It is a lot of work to keep track this closely. A number of different sites to check, receipts to track, and accounts to balance. has made that old news. A new, fun site recently featured in Fast Company, the founders wanted to help encourage young people to be more financial responsible and help all people to simplify the process of budgeting. Best of all it's free. You can record budgets, have bank accounts, investments, and credit cards all tracked on one site. It will give you graphs that make it easy to see just how you're faring in the world of balancing your spending and savings, and offer up specials that can help you take advantage of special bonuses from financial products you may not be aware of.
This is no easy feat. Most people don't like the balancing act of money or the complexity of personal financial management. just goes to show you that everything, even the most stressful of tasks, can be infused with a little fun for a whole lot of impact.

Words on the street

I am fascinated by language. My dad spoke six of them. While I didn’t inherit his ability to learn language, as is evidenced by my sad attempts at French, I did inherit a love of hearing different languages and dialects. I particularly enjoy studying how a language truly shapes a culture and national behavior patterns. And the dynamism of language allows it to reflect societal trends.

It’s no wonder that my recent discovery of Urban Dictionary, , brought a smile to my face. The more tech-saavy readers of this blog will think that I just now have emerged from the dark ages. I fear that this is proof that my long, slow slide from hip, urban chick to crusty old broad may have finally begun. Nevertheless, I think this may also be a new find for some of you, or a refresher of knowledge gained long ago, so it is worthwhile to post the link.

Those out of the know may be asking, “So what is this urban dictionary all about?” It is a slang dictionary that is based on user-generated definitions. Literally, it is helping to define this quickly evolving world around us. And then there is a feature that allows the community members to vote on the definitions added. For example, "wOOt" is top of mind on Urban Dictionary today. It means “an expression of joy”. 3106 people give this definition a thumbs up. 565 shot it down.

The other cool feature that I love is that community members are recording the history of these words. From many definitions, we can learn where words come from, their original use, and how they’ve been adapted to become more main stream. So not only is this a dictionary, it is an anthropological history book. I’m so excited about this, it’s hard for me to sit still!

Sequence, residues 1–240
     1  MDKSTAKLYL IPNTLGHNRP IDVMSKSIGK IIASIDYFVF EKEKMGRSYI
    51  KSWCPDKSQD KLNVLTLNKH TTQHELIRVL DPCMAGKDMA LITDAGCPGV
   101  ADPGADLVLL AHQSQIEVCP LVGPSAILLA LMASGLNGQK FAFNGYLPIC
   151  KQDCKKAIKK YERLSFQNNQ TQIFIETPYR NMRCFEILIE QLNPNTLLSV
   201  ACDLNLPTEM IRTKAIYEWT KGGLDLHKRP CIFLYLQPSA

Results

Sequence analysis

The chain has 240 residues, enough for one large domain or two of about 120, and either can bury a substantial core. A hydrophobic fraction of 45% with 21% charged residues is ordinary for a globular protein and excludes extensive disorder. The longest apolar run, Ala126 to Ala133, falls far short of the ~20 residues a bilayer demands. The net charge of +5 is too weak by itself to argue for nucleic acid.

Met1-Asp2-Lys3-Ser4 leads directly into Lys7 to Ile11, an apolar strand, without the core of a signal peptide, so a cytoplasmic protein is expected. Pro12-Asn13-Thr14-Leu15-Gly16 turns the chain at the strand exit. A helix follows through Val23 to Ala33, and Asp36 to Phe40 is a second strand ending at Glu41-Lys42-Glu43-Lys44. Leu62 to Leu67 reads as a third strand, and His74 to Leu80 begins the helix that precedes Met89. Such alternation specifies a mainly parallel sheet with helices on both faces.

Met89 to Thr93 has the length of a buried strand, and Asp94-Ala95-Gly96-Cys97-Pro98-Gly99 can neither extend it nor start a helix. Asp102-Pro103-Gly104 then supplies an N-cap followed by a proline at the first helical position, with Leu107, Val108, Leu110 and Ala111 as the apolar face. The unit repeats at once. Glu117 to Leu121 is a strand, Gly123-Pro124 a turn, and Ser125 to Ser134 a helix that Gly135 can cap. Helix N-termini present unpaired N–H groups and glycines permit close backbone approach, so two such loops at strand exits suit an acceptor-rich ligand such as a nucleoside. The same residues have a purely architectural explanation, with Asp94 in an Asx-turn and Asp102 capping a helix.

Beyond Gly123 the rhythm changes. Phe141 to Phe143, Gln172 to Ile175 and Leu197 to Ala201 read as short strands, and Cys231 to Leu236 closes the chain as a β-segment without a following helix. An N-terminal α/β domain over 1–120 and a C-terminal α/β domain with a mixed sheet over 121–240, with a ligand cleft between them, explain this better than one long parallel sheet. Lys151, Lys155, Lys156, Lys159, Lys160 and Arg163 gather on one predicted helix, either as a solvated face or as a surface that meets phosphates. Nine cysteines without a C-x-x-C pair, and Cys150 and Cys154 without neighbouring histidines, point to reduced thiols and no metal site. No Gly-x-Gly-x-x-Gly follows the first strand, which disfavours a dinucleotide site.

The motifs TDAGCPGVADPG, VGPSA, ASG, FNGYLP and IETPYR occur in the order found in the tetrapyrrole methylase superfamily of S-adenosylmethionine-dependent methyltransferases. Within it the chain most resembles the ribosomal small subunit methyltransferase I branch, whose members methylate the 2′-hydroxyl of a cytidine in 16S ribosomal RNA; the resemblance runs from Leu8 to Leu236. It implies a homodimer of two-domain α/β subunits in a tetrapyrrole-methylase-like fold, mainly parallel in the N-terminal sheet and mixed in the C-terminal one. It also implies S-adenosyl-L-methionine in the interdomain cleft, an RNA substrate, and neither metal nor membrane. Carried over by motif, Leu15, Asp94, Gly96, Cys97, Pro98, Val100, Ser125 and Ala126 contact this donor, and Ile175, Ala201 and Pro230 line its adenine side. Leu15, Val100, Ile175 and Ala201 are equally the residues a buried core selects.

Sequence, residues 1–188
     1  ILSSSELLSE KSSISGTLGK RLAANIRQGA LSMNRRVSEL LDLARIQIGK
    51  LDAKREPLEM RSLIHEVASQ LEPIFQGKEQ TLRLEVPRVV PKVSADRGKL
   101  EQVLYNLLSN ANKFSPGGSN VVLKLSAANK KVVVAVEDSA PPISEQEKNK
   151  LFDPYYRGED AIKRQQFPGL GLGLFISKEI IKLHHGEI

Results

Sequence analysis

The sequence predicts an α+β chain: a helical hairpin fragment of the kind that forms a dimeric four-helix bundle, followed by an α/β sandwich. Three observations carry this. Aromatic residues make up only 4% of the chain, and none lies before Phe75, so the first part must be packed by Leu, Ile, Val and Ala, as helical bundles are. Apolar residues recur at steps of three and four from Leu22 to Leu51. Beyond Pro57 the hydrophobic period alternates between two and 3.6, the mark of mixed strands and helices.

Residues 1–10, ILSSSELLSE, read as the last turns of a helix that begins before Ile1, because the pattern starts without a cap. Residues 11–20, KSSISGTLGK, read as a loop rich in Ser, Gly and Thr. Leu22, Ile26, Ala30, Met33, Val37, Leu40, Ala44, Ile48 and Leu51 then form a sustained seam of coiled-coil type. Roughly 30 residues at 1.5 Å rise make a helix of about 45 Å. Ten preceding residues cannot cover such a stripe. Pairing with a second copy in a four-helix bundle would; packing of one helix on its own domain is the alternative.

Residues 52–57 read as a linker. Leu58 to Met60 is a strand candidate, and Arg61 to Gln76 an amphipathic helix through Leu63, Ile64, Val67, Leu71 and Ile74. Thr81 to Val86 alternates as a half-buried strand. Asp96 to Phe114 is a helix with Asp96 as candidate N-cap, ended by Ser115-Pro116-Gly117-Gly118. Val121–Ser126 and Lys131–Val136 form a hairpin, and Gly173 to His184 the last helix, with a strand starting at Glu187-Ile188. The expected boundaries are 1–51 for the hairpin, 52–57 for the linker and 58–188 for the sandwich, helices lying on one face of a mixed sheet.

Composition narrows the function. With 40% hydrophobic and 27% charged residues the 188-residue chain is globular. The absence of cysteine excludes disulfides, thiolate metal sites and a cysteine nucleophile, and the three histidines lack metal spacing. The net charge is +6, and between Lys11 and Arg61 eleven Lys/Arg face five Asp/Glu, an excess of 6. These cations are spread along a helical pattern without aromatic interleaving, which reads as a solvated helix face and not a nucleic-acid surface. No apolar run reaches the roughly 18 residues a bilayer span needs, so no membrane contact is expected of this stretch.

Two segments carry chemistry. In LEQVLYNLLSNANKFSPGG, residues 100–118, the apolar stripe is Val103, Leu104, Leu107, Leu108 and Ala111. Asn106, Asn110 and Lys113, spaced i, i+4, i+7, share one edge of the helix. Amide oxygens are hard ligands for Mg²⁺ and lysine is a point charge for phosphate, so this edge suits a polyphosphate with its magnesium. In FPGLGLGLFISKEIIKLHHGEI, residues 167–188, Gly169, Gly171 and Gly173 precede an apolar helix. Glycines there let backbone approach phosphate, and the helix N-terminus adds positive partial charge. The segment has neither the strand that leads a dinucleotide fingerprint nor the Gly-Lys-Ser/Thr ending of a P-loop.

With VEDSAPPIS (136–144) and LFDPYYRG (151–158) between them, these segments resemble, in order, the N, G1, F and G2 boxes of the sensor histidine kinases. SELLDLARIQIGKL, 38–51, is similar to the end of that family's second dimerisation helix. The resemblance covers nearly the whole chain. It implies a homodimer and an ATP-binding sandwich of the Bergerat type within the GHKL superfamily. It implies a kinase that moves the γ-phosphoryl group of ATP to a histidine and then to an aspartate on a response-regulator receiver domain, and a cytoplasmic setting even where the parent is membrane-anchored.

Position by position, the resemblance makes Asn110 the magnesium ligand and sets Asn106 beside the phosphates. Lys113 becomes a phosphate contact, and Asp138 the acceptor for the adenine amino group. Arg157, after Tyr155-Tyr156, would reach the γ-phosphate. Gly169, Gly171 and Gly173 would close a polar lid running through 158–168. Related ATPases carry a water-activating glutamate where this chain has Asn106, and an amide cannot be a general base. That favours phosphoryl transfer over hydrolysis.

"WOOt" was recently voted word of the year for 2007 by the dictionary gurus at Merriam-Webster. Facebook was the runner up. In years past words like “google” and “blog” have received the top word honor – not a bad track record as these words are now commonplace in daily conversations. Is "wOOt" destined for this type of fame and recognition? Unclear. But it’s found its place in the American lexicon and I’m all for anything, or any word for that matter, that spreads joy.

Can a mega-company like Google rewire our brains?

A few years ago I switched over to Gmail from AOL and have never looked back. I love the friendly interface, the nearly-infinite storage, the ever-expanding address book, and on and on it goes. It took some getting used to after I had been with AOL for so long. In particular I had to adjust to the lack of buckets and folders in which I was used to grouping my emails.

I am a file fanatic. I like being able to pull a folder on a topic and seeing everything I have on the subject. Doesn’t happen with Google. Instead, it has a robust search function that will pull up every email I have that contains a keyword I type in. It’s forced me to be very deliberate in how I select email titles so that I can easily recall them later on. The trouble with this is I have had to become a synonym expert. For example, if I want to pull up all of my emails relating to “being green”, I may need to search “sustainability”, “eco-friendly”, “environment”, etc. If I had a folder entitled “green”, I could drop them all in there and pull them in one swoop!

Gmail’s search function has forced into a few work-arounds. I am considering starting a business, so I’ve created a new Gmail account of emails that just relate to the business idea. I’ve also become more addicted to blog posting so I’ve started emailing to a new account about everything I need to post on my blog. For the truly important topics like these, I’m still finding that my buckets are necessary.

While I love the idea of a way to simplify and reduce the amount of filing, bookmarking, and flagging I need to do, a certain amount of it may be so deeply entrenched in my behavior patterns that it will be tough to shake! More food for thought for the talented folks at Google to consider in their quest for continuous improvement.

Wednesday, December 12, 2007

Have a Good Experience

I recently attended the book launch of "The Landmark Herodotus", a new edition of the ancient text edited by Robert Strassler. The event was put on by Good Experience, the dynamic duo of Mark Hurst and Phil Terry. I joined the reading group to get through this text, which begins in March, and was recently poking around on Mark's blog: